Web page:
1. 1. POINT/COUNTERPOINTCone-beam computed tomography is theimaging technique of choice for comprehensiveorthodontic assessmentBrent E. LarsonMinneapolis, Minn I t is interesting to observe the adoption of new BENEFITS OF CBCT FOR ORTHODONTIC technology in dentistry and orthodontics. Of par- ASSESSMENT ticular interest is the use of cone-beam computed The benefits of CBCT for orthodontic assessment tomography (CBCT) as the imaging protocol of choice include accuracy of image geometry. Clinicians have for comprehensive orthodontic treatment. A concise learned to deal with the inherent image magnification review of the diffusion of innovation in dentistry and distortion that is part of 2-dimensional radiogra- was published by Parashos and Messer,1 who con- phy. With lateral cephalograms, structures on the left cluded that the adoption of technology is affected side are magnified less than the same structures on by factors that “include a complex interplay of per- the right because of proximity to the film. With pano- ceived benefits and advantages, and psychosocial ramic imaging, the amounts of horizontal and vertical and behavioral factors, in decision-making.” Lateral magnification vary at different rates as objects are dis- and posteroanterior cephalograms were introduced placed from the focal trough. However, CBCT offers the to orthodontics in the early 1930s by Broadbent; distinct advantage of 1:1 geometry, which allows accu- yet, adoption of this technology, which is an ac- rate measurements of objects and dimensions. The ac- cepted standard today, was still being resisted when curacy and reliability of measurements from CBCT Steiner2 wrote in 1953 about the use of cephalogram images have been demonstrated, allowing precise as- films: “It has been claimed by many that it is a tool sessment of unerupted tooth sizes, bony dimensions of the research laboratory and that the difficulties in all 3 planes of space, and even soft-tissue anthropo- and expense of its use in clinical practice are not jus- metric measurements—things that are all important in tified. Many have argued that the information gained orthodontic diagnosis and treatment planning.4-6 Ad- from cephalometric films, when used with present ditionally, to allow use of our historic growth and nor- methods of assessment, do not contribute sufficient mative data, it has been shown that landmarks can be information to change, or influence, their plans of located reliably on cephalometric images that are gen- treatment.” erated from the CBCT volumes.7 Steiner’s statement could easily be applied to the Other benefits include the localization of ectopic use of CBCT today. A recent review suggested that teeth and the assessment of root resorption. The CBCT should be used as an adjunct imaging technique accurate localization of ectopic, impacted, and super- in orthodontics.3 I propose that, although we still have numerary teeth is vital to the development of a pa- much to learn about how to best use CBCT imaging to tient-specific treatment plan with the best chance of improve the outcomes of orthodontic treatment, we success. There seems to be little debate in the literature know enough about its application to consider it the that CBCT is superior for localization compared imaging of choice for comprehensive orthodontic with conventional imaging methods.8,9 One study indi- treatment. cated that this improved localization and space estima- tion does result in changes in diagnosis and treatment recommendations.10 Another study analyzed the Associate professor and director, Division of Orthodontics, University of Minnesota, Minneapolis. “failed” treatment of 37 impacted canines, successfully Reprint requests to: Brent E. Larson, Division of Orthodontics, University delivering the canine in about 70% of these cases be- of Minnesota, 6-320 Moos Tower, 515 Delaware St SE, Minneapolis, cause of careful diagnosis and 3-dimensional imaging. MN 55455; e-mail, larso121@umn.edu. Am J Orthod Dentofacial Orthop 2012;141:402-11 Initially, failure occurred because of mistaken localiza- 0889-5406/$36.00 tion and directional traction in 40.5% of the patients. 11 Copyright Ó 2012 by the American Association of Orthodontists. There is also increasing evidence that assessment of doi:10.1016/j.ajodo.2012.02.009402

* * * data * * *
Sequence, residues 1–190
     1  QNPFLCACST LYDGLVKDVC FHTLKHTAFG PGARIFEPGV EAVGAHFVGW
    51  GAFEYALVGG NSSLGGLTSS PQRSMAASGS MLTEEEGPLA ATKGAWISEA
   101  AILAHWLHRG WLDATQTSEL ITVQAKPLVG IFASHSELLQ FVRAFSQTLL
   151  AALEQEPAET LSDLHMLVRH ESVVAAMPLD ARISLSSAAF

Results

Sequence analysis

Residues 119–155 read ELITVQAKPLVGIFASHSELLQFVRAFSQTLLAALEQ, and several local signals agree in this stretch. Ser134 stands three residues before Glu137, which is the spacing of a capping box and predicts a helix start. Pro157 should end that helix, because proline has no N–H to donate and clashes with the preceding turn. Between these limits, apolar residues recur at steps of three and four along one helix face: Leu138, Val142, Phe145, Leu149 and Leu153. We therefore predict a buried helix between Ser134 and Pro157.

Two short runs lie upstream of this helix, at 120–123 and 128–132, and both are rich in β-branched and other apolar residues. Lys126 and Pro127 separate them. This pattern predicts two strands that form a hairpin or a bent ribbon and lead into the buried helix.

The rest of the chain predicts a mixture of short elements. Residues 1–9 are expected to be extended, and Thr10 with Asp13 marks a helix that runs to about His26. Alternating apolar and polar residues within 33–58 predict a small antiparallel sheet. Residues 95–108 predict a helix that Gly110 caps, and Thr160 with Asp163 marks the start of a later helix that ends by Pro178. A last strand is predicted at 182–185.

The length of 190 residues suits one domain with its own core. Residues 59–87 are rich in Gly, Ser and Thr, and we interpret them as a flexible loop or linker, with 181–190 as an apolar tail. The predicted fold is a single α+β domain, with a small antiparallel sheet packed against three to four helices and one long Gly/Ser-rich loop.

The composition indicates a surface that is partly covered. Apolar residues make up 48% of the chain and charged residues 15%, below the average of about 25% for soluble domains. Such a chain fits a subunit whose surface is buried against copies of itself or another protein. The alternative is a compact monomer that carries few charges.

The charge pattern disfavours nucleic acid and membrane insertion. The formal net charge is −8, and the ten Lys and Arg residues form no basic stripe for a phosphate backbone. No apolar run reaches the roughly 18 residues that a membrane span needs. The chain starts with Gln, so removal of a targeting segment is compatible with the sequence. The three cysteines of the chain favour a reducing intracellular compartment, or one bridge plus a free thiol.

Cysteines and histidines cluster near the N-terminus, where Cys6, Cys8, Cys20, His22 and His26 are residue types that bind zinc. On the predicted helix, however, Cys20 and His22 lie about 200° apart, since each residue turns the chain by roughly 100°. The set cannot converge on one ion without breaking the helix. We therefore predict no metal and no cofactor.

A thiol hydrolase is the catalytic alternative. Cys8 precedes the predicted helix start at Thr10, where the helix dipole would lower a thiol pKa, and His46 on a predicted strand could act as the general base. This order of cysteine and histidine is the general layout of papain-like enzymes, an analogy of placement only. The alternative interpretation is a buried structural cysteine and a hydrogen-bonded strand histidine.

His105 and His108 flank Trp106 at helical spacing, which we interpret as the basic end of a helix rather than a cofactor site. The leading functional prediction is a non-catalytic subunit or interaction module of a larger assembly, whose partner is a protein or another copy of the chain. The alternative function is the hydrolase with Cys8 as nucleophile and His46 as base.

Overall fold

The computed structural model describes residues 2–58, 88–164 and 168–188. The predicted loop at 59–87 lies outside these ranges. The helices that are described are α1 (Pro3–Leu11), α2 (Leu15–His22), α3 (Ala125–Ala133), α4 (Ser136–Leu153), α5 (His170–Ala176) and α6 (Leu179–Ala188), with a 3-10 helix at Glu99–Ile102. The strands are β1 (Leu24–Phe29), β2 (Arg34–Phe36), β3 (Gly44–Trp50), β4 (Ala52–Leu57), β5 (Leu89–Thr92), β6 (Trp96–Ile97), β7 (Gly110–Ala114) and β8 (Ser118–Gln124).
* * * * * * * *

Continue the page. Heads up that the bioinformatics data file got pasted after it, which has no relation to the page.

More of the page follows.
2. 2. 404 Point root resorption, both from ectopically erupting teeth has primary biologic importance and that significant and as a side effect of orthodontic treatment, can postural adaptations to airway problems can cause un- best be done with CBCT, since much resorption occurs desirable growth changes. This is another item that was in a slanted direction that is not readily imaged without frequently noted by the radiologist in our study of inci- the use of a tomographic technique.12 dental findings in orthodontic patients. Nearly half our In orthodontics, an asymmetric malocclusion is one patient population had sinus or airway findings noted, of the most difficult problems to diagnose and treat. ranging from relatively minor sinusitis or polyps to Before CBCT, the skeletal and dental contributions to complete opacification of the maxillary sinuses. 18 the problem were assessed from clinical examinations, The need to assess the periodontal bone levels be- study models, and perhaps a posteroanterior cephalo- fore orthodontic treatment has always been important gram. Although these provided meaningful insight for and has been emphasized with the American Board of a diagnosis, the CBCT volume allows direct measure- Orthodontics’ requirement to include a formal peri- ment of the transverse dimensions and the relative po- odontal evaluation for all patients over the age of 18 sitions of the teeth within the skeletal components, and years or for those with signs of periodontal disease. has been judged to be supe- Imaging suggestions for this rior to previous methods.13 evaluation include a pano- We recently conducted a study Although we still have much to learn ramic image supplemented using CBCT to objectively as- about how to best use CBCT with bitewing and anterior sess asymmetry and found imaging to improve the outcomes of periapical radiographs, or that this method is potentially a full-mouth series of radio- orthodontic treatment, we know useful for clinicians.14 graphs including periapicals Imaging of the temporo- enough about its application to and bitewings, or images mandibular joint has not consider it the imaging of choice for taken from a CBCT volume.22 been common practice for comprehensive orthodontic The first 2 are supplemental asymptomatic orthodontic treatment. images that require additional patients. The view of the con- exposure, whereas the images dyle and the fossa on a pano- from the CBCT are recon- ramic film has been used as a screening tool with structed as needed from the acquired volume with no subsequent specific imaging ordered for the temporo- additional exposure required. Misch et al23 reported mandibular joint if bony changes are noted. The that CBCT imaging provides a significant advantage CBCT volume used for orthodontic assessment will over conventional radiographs for periodontal assess- generally include the right and left temporomandibular ment because it allows for the measurement of buccal joints, and therefore they are available for routine re- and lingual defects as well as interproximal defects. view. The orthodontist can screen for bony changes Other investigators have also found that CBCT- and get an indication of condylar position from this re- derived images offer advantages for periodontal assess- view.15-17 A recent review of nearly 200 consecutive or- ment.24,25 thodontic patients at the University of Minnesota A truly unexpected result from our study of CBCT showed that 18% had incidental temporomandibular incidental findings in orthodontic patients was the joint findings noted by a radiologist that were signifi- 10% frequency of significant endodontic findings: api- cant enough for further follow-up or referral.18 A sim- cal periodontitis, apical radiolucency, internal or exter- ilar result for incidental temporomandibular joint nal root resorption, or retained root tips.18 These are findings was reported by researchers in North Carolina important items to assess before final orthodontic in an older, nonorthodontic population.19 planning—items that could dramatically alter the treat- Traditional 2-dimensional cephalometric imaging ment plan. I was convinced that this high degree of has been limited in its ability to assess airway dimen- endodontic involvement was most likely a statistical sions, and our view of the sinuses has been limited to anomaly since it did not correspond with my clinical the tomographic slice on the panoramic image. With experience; however, Price et al19 recently reported CBCT imaging, 3-dimensional views of the airway and a similar prevalence of endodontic findings in a differ- the sinuses are clearly visible and measurable. 20,21 Al- ent population, lending additional support to the though as a specialty we still struggle to understand result. the impact of the airway on the growth and develop- Recent reports have suggested that certain regions ment of our patients, we all understand that breathing are more desirable as placement sites for temporaryApril 2012 Vol 141 Issue 4 American Journal of Orthodontics and Dentofacial Orthopedics